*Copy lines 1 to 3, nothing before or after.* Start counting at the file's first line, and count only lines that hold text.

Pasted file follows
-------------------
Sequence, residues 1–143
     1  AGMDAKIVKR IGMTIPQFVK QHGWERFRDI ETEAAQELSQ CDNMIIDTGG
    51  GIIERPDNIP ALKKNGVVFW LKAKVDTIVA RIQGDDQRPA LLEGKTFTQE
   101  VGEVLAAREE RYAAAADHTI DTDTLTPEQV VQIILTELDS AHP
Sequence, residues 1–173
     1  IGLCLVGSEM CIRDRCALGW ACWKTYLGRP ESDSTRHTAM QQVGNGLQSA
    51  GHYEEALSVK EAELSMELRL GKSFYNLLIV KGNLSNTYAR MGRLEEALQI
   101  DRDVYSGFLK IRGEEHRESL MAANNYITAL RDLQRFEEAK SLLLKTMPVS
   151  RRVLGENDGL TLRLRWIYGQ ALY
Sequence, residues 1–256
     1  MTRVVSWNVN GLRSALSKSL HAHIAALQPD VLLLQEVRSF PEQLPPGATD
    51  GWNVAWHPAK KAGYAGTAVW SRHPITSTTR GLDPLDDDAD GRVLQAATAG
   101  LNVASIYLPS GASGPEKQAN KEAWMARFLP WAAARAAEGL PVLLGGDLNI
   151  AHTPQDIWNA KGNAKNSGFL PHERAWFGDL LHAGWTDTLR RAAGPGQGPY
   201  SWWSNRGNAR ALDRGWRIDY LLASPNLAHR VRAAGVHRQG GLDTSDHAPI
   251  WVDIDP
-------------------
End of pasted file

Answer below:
Sequence, residues 1–143
     1  AGMDAKIVKR IGMTIPQFVK QHGWERFRDI ETEAAQELSQ CDNMIIDTGG
    51  GIIERPDNIP ALKKNGVVFW LKAKVDTIVA RIQGDDQRPA LLEGKTFTQE